— Not me either, and I’m a sinner. Maybe I don’t have a thirst right now, but I drink as a preventative. I drink against the thirst to come. I drink eternally, because through an eternity of drinking, I drink in all eternity.
— Let’s sing and drink a motet!
— Let’s intone in tons!
— Where’s my ton-kard?
— What are you talking about? I only drink by proxy.
— Do you wet yourself to dry out, or dry yourself out to get wet?
— I don’t understand anything about theory, and I don’t have much use for practice.
— Enough!
— I wet, I humidify, I drink, and all from fear of dying.
— Well, keep drinking forever, and you’ll never die.
— If I stop drinking, I’ll be all tapped out.* And that’s as good as dead.


creepy figure

Why sports physiology?  Because the sinner’s philosophy is what all coaches say now – start drinking before you get thirsty.  Renaissance French rules, avant la lettre, if you will.

* A regret: English doesn’t have a slang term for “broke” that overlaps with slang for “sober”, so I couldn’t translate that last pun correctly.  This is a shameful lacuna in my mother tongue.


Works Cited

Rabelais, F., La vie treshorrificque du grand Gargantua. Françoise Joukovsky, ed.  Paris, Flammarion, 1993.

Rabelais, F.,  The Works of Rabelais, faithfully translated from the French, with variorum notes, and numerous illustrations. Privately printed, who knows when or where.

This will not faze them

The book I’m reading right now has three levels of authorship.  (Searching the Web for the phrase “levels of authorship” leads you to a maze of twisty passages, all alike, most leading to swamps of tedium and despond.  This link doesn’t.)

By..by..by

The book is The Chemical Wedding by Christian Rosencreutz, by Johann Valentin Andreae, by John Crowley. Or is it The Chemical Wedding by Christian Rosencreutz, by Johann Valentin Andreae, by John Crowley?  Or is it one of the other possibilities?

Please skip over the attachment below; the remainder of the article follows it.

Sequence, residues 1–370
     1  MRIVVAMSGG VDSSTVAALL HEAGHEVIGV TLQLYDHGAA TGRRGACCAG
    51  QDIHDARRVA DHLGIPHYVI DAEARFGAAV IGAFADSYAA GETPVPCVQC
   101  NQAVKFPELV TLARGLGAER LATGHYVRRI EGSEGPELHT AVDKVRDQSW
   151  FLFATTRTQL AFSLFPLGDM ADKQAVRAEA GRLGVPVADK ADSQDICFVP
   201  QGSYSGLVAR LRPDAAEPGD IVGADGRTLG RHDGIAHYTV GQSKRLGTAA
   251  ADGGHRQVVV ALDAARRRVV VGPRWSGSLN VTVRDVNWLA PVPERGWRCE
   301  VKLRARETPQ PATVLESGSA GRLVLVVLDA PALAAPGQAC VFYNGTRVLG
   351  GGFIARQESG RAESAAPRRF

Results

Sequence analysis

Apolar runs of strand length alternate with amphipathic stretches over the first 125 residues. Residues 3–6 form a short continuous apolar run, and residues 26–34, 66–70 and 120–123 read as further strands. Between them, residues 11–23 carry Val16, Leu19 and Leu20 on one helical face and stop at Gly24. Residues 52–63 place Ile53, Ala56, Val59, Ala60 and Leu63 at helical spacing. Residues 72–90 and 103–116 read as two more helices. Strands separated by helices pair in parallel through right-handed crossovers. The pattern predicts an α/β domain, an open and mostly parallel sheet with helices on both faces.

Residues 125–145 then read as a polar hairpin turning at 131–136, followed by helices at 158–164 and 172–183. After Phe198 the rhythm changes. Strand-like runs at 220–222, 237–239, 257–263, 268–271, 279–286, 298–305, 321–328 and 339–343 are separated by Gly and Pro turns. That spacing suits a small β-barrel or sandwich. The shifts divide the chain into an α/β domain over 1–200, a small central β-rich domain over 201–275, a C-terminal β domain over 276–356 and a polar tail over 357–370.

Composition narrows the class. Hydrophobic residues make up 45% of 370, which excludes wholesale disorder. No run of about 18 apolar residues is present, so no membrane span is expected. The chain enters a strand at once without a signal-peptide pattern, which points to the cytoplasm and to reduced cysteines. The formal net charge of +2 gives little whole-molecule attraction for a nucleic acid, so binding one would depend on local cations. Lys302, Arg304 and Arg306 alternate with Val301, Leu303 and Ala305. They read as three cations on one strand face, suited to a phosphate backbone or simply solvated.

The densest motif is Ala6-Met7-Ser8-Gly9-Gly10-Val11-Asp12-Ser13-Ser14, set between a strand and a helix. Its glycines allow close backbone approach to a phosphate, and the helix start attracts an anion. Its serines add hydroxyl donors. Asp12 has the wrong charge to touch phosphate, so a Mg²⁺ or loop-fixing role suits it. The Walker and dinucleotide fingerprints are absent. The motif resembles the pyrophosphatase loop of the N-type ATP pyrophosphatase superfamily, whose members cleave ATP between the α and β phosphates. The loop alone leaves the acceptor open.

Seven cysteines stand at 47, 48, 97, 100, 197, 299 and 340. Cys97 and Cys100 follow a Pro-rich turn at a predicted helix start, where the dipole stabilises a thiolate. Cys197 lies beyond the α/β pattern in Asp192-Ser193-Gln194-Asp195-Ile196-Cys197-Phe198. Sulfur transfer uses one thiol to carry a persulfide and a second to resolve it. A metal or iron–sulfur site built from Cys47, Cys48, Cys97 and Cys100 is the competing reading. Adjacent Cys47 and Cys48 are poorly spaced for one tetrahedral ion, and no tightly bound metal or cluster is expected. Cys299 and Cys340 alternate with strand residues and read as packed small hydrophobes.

One reason I love librarians is that they can catalogue this book “by author”, file it on a shelf, and then find it again later.  Librarians can handle anything.

Historical note:  When I first read this book (after a reference in Foucault’s Pendulum), it was in German. I mentally translated “Die chymische Hochzeit von Christian Rosencreutz” as the “Chemical Wedding of” C.R., not the “Chemical Wedding by“.  That was only the first of many bruises I got from attempting to read a book in renaissance German (in Fraktur!) after learning modern Hochdeutsch in high school. I knew I was going to like Crowley’s version when correcting that mistake was the first sentence in his Introduction.

Modern note: It never ceases to delight me that I can just pull up 400-year-old texts from my dining-room table.  Living in the future is in many ways awesome.

Canons and Chains

In which your Idiosopher considers how to measure an author’s cultural depth.